HSBC don't give away much , so until we know, we can only speculate.

He was right to take you to task, because there is no way that HSBC is funding at close to zero and taking the currency risk. The regulator wouldnt allow it, and it would be incredibly risky banking. What he meant by lower cost of funding was their credit spread. They are an international name, with a global balance sheet. HSBC 5 year CDS is 123 points, which is less than our banks (CBA, Australia's biggest and most profitable bank and owner of ASB has a current spread of 140 for example). A co-ops funding would be higher still..

But to be honest i think HSBC are just trying to buy market share, and as NZ operation is only a very small cog they can afford to do loans at a very low ROE and just ride it out.

The regulator wouldnt allow it

Oh yeah? .. so you think our regulator would withdraw their NZ banking licence?

and it would be incredibly risky banking

Nothing would surprise me where this industry is concerned.

Well with high mortgage rates and house prices, you won't attract new migrants would be interested in moving to NZ. Especially when they're use to much lower mortgage rates at 1 to 2%.

So a vseted interest who admits he cant make money at 3.95% says there isnt the need to go lower, yes of course there isnt.....really.

As the tide goes out, than banks will be left having to stop hiding behind the RB and take the flak they deserve.

No way that the big banks could say "we can't make money at 3.95%" when they are each making billions.

I reckon all the big banks in NZ will be offering sub 3% mortgages by year end!

for that to happen NZ would really be in strife, why would you wish that

sharetrader ..... one answer, total self interest and greed .... so bb borrows more and we get further and further into debt ....wonderful

$ = money
$ 800.000.000 = NO MONEY!

Note it is the Co operative bank saying this and they are 100% retail funded. Other banks, eg HSBC, has multi sources of funding and a lot more angles to work. Their situation is different from Co operative.

Several ways to take this; what is the bank's cost structures? Is he trying to influence the market (how and which way)? How secure is the Cooperative Bank? Bank profits to date generally results in a lack of sympathy.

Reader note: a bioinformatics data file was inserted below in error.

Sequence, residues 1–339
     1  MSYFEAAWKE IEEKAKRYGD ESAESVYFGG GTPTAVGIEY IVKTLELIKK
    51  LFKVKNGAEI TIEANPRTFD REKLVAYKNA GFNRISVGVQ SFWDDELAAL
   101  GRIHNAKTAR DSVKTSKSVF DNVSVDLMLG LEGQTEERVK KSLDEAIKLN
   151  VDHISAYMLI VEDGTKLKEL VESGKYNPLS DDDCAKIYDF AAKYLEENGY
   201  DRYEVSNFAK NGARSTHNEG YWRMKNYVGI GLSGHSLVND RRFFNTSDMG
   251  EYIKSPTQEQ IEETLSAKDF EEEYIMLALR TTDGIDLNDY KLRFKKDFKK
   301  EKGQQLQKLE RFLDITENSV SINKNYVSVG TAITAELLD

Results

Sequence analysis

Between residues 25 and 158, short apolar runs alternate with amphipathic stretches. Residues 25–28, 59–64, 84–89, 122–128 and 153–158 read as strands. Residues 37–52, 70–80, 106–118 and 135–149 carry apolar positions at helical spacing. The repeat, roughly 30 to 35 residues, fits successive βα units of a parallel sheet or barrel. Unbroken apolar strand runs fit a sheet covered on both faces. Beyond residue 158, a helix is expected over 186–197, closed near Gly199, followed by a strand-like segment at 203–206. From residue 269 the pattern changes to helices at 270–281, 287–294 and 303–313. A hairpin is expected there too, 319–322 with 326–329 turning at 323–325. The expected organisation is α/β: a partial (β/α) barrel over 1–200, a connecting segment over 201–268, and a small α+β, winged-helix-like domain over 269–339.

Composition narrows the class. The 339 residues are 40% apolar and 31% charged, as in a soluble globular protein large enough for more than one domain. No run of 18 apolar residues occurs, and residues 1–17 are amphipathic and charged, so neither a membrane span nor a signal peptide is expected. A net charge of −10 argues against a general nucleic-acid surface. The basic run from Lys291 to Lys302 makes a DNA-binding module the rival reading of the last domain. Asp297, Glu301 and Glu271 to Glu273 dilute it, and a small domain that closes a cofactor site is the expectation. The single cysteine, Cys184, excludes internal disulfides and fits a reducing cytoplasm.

"McLachlan said with nine month retail deposit rates hitting the 3.60% mark and the yield curve pretty flat, banks can't raise retail deposits at 3.50% or 3.60% and lend it out at 3.95%."

Using fractional reserve banking surely they can make money even at these slim margins? Remember, for banks, mortgages are assets and deposits are liabilities.

Yup. You will never get a clear answer on the fractional reserve stuff. Nobody likes talking about it.

It was once said " a man who need not work.....won't unless burdened by his debts". Banks only produce DEBT and the facilitation of debt, yet this is glorified when their profits are announced rain or shine. My question is this. Do banks do us good as a society? Do they enhance it, make it more efficient, make it fair and just? Or are they the biggest burden overhanging any real progress made by the human race? Are they why no human has yet stepped on Mars for example.
I often contemplate such thoughts. Am I alone

Although the lenders have become institutions (Banks) they have been around since the potential to finance a small war was fashionable. Enhance ? probably not, Exploit absolutely! its what they do best at both ends of a to Mars Justice , I'm sure if they can find an angle to exploit they'll finance that too.
Fair and Just ? now that's not a credo for the machine....It has no face, nor thoughts of contrition for its greed.

Welcome back Christov ! We missed you.

Thanks David , I will hopefully get to spend some time back here Cheers

Thanks for the opinion.

So nice to see you're back on here Christov. Hope you are well.

Cheers Notaneco.....still battling but hoping things will improve.......all the best

Dude where have been, hope we get regular posts again.

Thanks A J will do ......stay well

been missing you boy

Great to see you still about iconoclast will catch up soon Stay Well

I've always wondered what would happen if you went to an auction and you say to the group ' you can have this one mate, I'll not bid against you, I'll get the next one (or the one after that)'. Together as a society we could systematically push prices down. Down to a point were there is little to know lending to banks. Of course why would you want a large mortgage? No one does. Yet that is exactly what we are achieving by counter bidding against each other at auctions...Madness really. We're systematically destroying each others lives by pushing house prices through the roof. Why, so that we can live a life of debt?

Humans often make very little sense. Either that or they're far more fearful than I realised (fear of missing out that turns us into greedy, self-centred beings).

Yes IO the problem is the person who buys the first property cheap will want to buy the next one as well, all backed by a banking system who have a strong self interest in never lertting the ponzi colla[pse.

Yes and when the Ponzi collapses (which Ponzi's always eventually do, some last longer than others) and prices are tumbling, it's amazing how generous we become. We would go to an auction and say, 'You can have this one mate, I'll get the next one (at a cheaper price)'.

Aucklanders and property investors may suddenly become 'generous' over the next few years if prices start falling.

so the European banks with mortgage rates at 1-2% don't make money?? NZ will see lower rates, that is just what happens around the globe. Is NZ not part of that globe, we want to be part of the globe in every other aspect.

Im pretty sure banks make pretty good coin out of credit cards. Swings and roundabouts...